How a New Wave of Grants Is Building a More Diverse Tabletop Scene

How a New Wave of Grants Is Building a More Diverse Tabletop Scene

As massive crowdfunding campaigns for tabletop role playing games (TTRPG) dominate the games ecosystem, independent designers and presses are adapting the centuries-old tradition of arts grants and patronage in order to raise up small, often marginalised, authors and artists.

When many crowdfunding campaigns rely on early investment to create buzz and confidence, smaller creators are often left in the lurch. But TTRPG designers and presses are hoping to change that by creating community-built pathways into the hobby.

“The indie TTRPG space is a rare place where your money goes a relatively long way in affecting what you see in the market,” says game designer Lex Kim Bobrow.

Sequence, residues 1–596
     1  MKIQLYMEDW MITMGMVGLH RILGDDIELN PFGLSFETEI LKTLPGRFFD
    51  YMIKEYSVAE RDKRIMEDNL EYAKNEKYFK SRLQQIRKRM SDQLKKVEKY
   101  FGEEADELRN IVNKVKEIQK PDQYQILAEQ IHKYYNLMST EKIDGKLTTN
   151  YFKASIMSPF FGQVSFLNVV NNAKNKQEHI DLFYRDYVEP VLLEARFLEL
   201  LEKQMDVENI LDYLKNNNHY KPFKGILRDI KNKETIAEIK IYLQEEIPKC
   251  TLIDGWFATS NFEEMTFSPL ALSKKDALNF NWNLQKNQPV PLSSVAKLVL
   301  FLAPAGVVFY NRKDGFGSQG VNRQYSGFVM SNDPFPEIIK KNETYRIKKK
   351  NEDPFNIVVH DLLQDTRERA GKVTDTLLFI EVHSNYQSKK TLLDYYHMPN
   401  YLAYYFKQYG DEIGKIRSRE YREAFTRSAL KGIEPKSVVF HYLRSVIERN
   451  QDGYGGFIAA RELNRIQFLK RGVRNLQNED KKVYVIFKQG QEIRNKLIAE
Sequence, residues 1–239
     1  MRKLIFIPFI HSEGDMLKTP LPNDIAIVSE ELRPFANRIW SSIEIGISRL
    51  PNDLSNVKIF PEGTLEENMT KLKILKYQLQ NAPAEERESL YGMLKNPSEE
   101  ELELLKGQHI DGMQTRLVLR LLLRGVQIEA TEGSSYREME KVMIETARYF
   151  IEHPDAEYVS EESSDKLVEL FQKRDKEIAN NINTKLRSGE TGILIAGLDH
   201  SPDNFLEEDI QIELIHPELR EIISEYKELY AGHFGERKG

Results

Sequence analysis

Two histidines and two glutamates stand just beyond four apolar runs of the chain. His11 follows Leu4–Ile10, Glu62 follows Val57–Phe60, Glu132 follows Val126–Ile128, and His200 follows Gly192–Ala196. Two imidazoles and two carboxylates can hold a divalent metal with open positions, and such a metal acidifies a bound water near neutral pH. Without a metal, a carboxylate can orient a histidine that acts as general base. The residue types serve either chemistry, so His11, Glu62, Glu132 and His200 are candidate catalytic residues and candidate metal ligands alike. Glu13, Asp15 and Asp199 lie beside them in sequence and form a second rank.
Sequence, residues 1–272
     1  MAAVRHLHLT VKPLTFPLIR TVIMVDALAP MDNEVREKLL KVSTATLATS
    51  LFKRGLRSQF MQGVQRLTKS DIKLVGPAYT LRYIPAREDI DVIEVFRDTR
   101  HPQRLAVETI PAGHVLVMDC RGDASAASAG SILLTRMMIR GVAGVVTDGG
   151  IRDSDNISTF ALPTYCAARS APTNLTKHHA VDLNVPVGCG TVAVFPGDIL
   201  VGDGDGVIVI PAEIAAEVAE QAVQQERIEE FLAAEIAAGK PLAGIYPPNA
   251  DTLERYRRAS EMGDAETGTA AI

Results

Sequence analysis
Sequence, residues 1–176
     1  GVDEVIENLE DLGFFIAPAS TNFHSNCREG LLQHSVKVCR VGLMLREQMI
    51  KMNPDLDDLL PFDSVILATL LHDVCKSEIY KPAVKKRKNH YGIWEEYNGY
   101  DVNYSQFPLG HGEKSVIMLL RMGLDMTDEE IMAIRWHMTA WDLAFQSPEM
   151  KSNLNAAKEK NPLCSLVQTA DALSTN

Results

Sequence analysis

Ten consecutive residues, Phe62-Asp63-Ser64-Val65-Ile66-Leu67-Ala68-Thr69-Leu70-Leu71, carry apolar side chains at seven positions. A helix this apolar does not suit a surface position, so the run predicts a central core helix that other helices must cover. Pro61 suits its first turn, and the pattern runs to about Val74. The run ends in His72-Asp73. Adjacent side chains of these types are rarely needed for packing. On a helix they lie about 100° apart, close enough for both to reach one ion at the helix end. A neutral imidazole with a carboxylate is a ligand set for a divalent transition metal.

Since massive IPs like Dungeons & Dragons drive a majority of sales in the TTRPG market, less established properties can struggle to find an audience when they’re starting out. So indie publishers are working to create a more inclusive and strategic investing strategy to uplift TTRPG creators, and to encourage the growth of their own communities on services like Discord and at in-person conventions.

One such designer is Tyler Crumrine, founder of Possible Worlds Games. Crumrine exclusively revealed to Gizmodo that PWG is launching a new creative exchange program, giving a grant to an author and an artist so that they can collaborate in order to create new TTRPGs. The program is called the Forethought Initiative, and the inaugural residents are comics artist Linnea Sterte and author Renee Gladman.